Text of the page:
On June 1st, 2020, I was doing calculus homework when I went unconscious. I don’t remember anything about it in the moment; all I remember is coming to my senses in an ambulance on the way to the ER at Brigham & Women’s in Boston. They kept me all throughout the night and most of the next day, running an MRI, EEG, and CT scan while I was there. They discovered that I had a seizure that had fractured three vertebrae in my back, so I was due for a long summer of recovery. After 3 months of physical therapy, MRIs, and EEGs, I was diagnosed with focal epilepsy.
I’ve always been an active person. I’ve played baseball since I was 5, golfed competitively in high school, and picked up hockey when I started college in a local league. When I found out the diagnoses of my situation, I was terrified I wouldn’t be able to do the things I love ever again. Fortunately, my doctors were able to find a medication that worked for me, so a combination of their intelligence, grit, and a little bit of luck has kept me seizure free for almost a year now. My golf game has never been better, I’m battling for a spot in the bullpen on my club baseball team, and I feel more confident on the ice than ever, and I’m truly thankful to be able to keep doing these things.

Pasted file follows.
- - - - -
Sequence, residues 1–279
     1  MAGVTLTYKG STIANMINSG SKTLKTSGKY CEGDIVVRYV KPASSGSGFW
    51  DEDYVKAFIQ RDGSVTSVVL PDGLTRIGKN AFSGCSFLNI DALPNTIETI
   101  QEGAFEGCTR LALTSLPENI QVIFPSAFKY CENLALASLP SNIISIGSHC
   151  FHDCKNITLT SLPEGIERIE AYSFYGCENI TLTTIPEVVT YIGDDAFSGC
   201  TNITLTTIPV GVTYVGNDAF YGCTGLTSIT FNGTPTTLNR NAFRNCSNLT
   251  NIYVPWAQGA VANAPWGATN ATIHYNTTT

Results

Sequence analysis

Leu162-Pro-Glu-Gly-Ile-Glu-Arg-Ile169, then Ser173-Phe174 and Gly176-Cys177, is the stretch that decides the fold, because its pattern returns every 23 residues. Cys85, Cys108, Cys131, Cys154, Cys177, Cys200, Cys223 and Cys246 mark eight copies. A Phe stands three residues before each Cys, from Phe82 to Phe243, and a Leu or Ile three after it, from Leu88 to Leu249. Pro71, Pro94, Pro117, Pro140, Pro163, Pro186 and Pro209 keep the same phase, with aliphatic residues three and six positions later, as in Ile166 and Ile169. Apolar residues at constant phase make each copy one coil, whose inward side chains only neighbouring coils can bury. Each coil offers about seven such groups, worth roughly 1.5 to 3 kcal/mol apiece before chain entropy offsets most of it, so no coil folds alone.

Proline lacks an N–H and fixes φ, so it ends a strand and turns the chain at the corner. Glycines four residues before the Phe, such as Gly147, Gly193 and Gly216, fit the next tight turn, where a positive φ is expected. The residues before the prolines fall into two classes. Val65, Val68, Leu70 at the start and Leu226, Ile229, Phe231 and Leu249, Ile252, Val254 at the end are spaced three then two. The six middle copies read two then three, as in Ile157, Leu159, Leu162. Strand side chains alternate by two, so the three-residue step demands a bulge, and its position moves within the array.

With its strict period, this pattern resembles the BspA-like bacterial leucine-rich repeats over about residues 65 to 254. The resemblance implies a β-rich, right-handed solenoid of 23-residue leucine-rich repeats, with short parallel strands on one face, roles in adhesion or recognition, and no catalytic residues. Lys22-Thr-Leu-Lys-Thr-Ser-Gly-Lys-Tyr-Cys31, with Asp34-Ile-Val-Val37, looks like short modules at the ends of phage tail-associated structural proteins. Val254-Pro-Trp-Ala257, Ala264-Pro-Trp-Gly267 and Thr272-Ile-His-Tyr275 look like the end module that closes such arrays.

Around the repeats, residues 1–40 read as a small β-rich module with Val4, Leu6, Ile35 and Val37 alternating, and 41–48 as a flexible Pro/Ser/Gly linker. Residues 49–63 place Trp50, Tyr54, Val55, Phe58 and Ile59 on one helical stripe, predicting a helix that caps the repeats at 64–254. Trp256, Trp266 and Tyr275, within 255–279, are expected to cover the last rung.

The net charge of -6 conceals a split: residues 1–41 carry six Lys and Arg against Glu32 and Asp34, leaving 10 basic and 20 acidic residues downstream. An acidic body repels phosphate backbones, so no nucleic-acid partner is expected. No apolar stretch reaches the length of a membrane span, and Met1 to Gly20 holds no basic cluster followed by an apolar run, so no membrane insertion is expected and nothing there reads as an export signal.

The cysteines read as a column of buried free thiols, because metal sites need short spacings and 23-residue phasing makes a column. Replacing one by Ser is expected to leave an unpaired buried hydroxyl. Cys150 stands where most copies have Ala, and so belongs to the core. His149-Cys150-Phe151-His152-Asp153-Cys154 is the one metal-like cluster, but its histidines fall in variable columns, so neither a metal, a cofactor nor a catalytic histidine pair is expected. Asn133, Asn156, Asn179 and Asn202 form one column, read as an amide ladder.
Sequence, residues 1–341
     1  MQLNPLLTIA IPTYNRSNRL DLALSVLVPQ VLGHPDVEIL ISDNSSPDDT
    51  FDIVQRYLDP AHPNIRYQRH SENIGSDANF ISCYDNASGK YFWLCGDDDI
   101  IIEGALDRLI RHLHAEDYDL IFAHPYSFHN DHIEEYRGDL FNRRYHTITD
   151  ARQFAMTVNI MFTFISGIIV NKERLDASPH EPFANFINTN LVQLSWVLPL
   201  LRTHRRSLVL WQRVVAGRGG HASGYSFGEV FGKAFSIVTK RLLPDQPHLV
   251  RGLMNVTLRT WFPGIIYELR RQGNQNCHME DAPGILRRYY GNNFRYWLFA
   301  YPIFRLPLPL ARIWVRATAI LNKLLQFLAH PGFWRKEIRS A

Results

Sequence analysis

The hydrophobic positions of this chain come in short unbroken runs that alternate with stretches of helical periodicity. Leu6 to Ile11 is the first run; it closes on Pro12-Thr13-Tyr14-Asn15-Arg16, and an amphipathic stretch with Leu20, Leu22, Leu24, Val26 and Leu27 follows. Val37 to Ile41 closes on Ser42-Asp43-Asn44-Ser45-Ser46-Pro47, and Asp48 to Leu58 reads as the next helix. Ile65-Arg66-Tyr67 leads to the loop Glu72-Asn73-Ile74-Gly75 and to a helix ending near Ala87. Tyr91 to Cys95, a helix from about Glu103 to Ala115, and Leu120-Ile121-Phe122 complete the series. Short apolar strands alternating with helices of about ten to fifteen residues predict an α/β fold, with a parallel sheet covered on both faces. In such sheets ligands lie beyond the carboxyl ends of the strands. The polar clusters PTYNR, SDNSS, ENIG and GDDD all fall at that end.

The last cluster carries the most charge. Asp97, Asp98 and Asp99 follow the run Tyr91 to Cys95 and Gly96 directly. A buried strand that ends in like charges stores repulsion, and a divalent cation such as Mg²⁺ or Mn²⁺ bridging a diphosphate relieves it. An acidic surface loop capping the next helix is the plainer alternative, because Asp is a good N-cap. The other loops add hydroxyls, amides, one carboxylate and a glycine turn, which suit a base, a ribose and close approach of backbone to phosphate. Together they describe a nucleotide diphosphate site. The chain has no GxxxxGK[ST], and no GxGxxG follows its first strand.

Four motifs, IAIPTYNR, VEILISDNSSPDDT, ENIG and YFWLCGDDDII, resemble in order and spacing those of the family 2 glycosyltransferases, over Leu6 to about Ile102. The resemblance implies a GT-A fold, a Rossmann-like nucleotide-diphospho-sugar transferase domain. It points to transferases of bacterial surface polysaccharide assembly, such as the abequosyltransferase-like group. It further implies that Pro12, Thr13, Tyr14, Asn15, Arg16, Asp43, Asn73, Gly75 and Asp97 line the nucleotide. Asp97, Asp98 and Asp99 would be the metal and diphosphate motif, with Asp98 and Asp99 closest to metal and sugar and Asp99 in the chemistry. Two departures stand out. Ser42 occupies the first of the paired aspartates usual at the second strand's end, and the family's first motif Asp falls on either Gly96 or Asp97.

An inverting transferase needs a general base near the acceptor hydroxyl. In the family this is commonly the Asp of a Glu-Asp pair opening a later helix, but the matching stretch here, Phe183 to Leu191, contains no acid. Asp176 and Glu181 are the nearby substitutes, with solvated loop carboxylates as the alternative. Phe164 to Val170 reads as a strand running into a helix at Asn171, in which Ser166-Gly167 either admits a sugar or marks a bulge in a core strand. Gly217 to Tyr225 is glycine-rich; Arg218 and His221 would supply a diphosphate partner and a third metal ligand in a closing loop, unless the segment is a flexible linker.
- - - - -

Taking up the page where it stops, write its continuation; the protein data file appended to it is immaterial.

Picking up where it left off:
Once I got diagnosed, I did some research on epilepsy non-profits that I could partner up with. CURE Epilepsy was the foundation that was the most dedicated to research by a long shot, so the decision for me was easy. After identifying CURE Epilepsy as the foundation I wanted to team up with, I launched a t-shirt fundraiser where we collectively raised over $2,000 for research.
I’m fortunate to be one of the lucky ones with epilepsy. I’ve heard stories of people who have multiple seizures a day, and that’s considered a good day for them. If I were in that position, I wouldn’t be able to do any of the activities I listed above, and I wouldn’t be very happy about that. It’s important to me to use my platform and abilities to both fight for those who aren’t able to, and raise awareness for the 1 in 26.
I also try to be an example that epilepsy doesn’t define who you are. It’s something that is very much a part of me, but you wouldn’t be able to tell I have it unless I told you. I think it’s important to be an example to people that it is possible to live a good and fulfilling life with epilepsy. Whether it’s medication, having a good circle of people around you, or an iron will, it is possible to manage.
I’m happy to continue to contribute to epilepsy research so we can eradicate it once and for all.